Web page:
Paul Finebaum shades Alabama with SEC tiers for College Football Playoff

Paul Finebaum is spot-on when it comes to his doubts about the Alabama Crimson Tide next year.

Kalen DeBoer, Alabama Crimson Tide
Kalen DeBoer, Alabama Crimson Tide / Brandon Sumrall/GettyImages

While I would agree that Alabama resides in the second class of the expanded SEC right now, I don't know if that is good enough to make the expanded College Football Playoff. ESPN's Paul Finebaum may have the Crimson Tide in as an at-large team at the moment, but he certainly had some things to say about Kalen DeBoer's program during his weekly radio hit on McElroy & Cubelic in the Morning.

Finebaum has Georgia and Texas as the only teams in Tier I of the SEC right now. I would tend to agree with that, and you probably would, too. However, he has Alabama in Tier II along with Ole Miss and Missouri right now, possibly as playoff probables. Ole Miss definitely feels like a playoff team, but I am not so sure about Alabama, and I definitely do not feel that way about Missouri at all at this time.

I do agree with Finebaum in that Ryan Grubb's departure to the Seattle Seahawks is a huge red flag.

“I might have had a little more confidence in that a couple of days ago. Without knowing the OC situation is, but I still think there are so many great players on that team. And I think DeBoer is a very competent coach that it’s going to come down to one game, and it’s going to come down to one game. I’m not playing games here, but I see Alabama losing a game or two. But it’s just a matter of that one game, do they win it, and get in the Playoffs, or not. And right now I favor them getting in.”

DeBoer is a fantastic head coach and play-caller, but he may be playing with one hand tied behind his back as he embarks on entering a new league in a part of the country he does not know much about.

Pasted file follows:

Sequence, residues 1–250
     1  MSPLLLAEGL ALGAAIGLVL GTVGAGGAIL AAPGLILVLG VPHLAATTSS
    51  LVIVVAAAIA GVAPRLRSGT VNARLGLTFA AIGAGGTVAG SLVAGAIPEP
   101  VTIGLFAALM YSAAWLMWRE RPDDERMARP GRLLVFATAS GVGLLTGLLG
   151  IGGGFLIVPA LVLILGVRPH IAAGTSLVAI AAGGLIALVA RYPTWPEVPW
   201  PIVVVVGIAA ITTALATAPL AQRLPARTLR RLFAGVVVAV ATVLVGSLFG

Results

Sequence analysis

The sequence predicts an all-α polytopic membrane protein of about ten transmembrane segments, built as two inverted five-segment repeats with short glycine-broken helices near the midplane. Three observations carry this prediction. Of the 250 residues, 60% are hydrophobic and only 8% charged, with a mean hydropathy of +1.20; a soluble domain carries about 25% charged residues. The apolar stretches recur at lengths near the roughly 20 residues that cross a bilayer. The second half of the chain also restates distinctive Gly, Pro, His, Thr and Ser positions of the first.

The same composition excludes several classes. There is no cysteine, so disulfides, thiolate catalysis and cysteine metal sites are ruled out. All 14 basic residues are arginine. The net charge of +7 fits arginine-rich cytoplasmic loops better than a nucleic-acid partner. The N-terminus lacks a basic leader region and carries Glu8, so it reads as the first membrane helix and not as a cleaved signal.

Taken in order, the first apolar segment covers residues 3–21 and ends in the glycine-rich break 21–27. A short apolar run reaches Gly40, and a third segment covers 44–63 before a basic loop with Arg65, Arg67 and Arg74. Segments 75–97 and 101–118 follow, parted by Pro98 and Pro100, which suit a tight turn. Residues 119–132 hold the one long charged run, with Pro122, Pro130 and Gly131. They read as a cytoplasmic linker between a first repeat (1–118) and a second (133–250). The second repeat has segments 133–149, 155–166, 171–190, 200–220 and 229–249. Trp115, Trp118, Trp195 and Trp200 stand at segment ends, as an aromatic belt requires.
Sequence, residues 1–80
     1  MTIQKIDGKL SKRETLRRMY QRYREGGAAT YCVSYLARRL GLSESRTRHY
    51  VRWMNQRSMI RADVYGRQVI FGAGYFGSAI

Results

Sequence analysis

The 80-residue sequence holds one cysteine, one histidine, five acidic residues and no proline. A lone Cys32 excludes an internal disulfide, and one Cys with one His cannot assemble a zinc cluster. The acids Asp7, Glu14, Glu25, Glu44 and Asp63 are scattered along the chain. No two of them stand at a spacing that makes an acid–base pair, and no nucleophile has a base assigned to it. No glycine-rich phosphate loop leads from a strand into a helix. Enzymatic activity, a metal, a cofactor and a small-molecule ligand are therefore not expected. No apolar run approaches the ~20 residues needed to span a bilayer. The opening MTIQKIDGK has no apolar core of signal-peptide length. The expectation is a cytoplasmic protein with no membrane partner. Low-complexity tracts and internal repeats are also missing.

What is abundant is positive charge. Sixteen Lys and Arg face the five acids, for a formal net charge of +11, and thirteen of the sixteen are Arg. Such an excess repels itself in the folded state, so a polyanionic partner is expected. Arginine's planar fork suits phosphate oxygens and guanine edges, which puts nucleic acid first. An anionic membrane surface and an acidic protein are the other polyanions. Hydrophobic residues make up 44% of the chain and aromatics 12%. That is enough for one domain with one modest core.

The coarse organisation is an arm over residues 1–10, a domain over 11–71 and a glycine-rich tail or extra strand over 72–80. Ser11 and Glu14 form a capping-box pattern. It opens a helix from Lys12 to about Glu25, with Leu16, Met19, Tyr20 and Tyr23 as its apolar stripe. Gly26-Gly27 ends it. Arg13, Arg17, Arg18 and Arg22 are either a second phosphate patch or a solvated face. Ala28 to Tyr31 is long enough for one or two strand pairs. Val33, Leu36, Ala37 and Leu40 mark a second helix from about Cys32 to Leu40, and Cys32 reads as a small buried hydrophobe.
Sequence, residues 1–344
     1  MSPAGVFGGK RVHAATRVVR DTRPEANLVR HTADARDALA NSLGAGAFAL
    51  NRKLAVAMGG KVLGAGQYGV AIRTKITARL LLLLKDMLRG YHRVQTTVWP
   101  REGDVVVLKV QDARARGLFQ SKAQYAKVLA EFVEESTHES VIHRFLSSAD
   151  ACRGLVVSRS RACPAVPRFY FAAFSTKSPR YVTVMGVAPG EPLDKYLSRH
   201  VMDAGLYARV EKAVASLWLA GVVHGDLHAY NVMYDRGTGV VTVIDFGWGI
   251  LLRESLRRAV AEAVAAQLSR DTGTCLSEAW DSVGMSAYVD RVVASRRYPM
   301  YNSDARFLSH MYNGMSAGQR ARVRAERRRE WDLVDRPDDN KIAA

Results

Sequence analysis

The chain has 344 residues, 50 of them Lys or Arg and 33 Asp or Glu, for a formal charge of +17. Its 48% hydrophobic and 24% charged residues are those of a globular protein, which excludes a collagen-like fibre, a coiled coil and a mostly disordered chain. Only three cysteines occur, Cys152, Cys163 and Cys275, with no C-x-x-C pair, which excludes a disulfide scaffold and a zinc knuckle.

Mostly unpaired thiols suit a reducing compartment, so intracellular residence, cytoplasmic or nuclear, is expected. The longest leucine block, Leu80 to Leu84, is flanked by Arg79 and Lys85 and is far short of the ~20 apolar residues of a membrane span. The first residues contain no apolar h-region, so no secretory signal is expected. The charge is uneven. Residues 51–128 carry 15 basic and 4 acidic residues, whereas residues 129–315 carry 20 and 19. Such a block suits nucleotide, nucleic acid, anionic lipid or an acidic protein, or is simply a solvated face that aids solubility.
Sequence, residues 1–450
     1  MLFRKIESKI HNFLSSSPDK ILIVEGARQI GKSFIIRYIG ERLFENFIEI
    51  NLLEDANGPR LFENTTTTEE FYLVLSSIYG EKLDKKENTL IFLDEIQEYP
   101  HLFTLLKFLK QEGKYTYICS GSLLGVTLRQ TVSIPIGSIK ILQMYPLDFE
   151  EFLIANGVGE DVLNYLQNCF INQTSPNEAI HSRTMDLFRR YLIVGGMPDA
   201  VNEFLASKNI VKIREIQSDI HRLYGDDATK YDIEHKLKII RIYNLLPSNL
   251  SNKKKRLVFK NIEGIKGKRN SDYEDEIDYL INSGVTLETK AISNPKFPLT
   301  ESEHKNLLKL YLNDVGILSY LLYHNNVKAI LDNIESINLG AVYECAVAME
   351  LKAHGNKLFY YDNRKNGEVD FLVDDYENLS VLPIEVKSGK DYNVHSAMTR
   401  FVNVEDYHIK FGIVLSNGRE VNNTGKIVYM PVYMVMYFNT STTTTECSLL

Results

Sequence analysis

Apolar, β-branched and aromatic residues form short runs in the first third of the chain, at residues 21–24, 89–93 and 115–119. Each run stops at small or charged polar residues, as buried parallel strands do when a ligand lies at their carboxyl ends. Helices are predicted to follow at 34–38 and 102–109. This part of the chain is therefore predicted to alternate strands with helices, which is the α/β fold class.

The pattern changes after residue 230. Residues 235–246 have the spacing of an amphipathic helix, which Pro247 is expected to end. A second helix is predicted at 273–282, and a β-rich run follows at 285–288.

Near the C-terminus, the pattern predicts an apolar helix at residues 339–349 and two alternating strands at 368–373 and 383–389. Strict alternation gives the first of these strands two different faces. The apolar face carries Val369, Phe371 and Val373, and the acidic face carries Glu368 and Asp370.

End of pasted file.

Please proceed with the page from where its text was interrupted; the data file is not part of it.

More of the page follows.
Paul Finebaum throws some College Football Playoff shade at Alabama

What you have to understand in all this is this is new territory for everyone. We dealt with one playoff format for a decade, and had a great grasp of how the Selection Committee would operate to best predict what it could do in the end. However, this is about to a be a 12-teamer, one where we are not entirely sure if the 5-7 model will be voted upon and approved with the dissolution of the Pac-12.

Just to keep things as simple as possible, let's assume a 5-7 format, meaning the five highest-ranked conference champions are getting in, as well as the seven next-best teams who did not win their league. If we want to slice up the pie, here is how many spots may go to each league. The Group of Five gets one. The Big Ten and SEC likely get seven or eight. The ACC and Big 12 will get three or four.

If we wanted to dissect the supposed allotment of the Big Ten and the SEC, four or five will go to the SEC in most years, and three or four will go to the Big Ten in most years as well. So ... will the Crimson Tide be a top-four-or-five team in the SEC next year? Well, they are not going to be top two, as Georgia and Texas loom large. I have them at about four or five behind Ole Miss, in the mix with LSU.

I think what we are looking at is Alabama being, for all intents and purposes, the fourth seed out of the SEC, or the last SEC team getting into the expanded 12-team field. That would have them slotted no higher than the No. 7 seed, but no lower than the No. 11 seed because the Group of Five has to get a team in. They will occupy the No. 12 seed in most postseason formats. Alabama is likely No. 8 or 9.

If that were the case, you are probably playing either the second or third-best team in the Big Ten or the best team out of the ACC and Big 12 that did not win its conference. Again, I think that is a totally fair spot to put Alabama in at. They have so much talent coming back. DeBoer is a great head coach. However, it has been one thing after another when it comes to the transition of power in Tuscaloosa.

Right now, I agree with Finebaum that Alabama is a playoff team, but only by the skin of its teeth.

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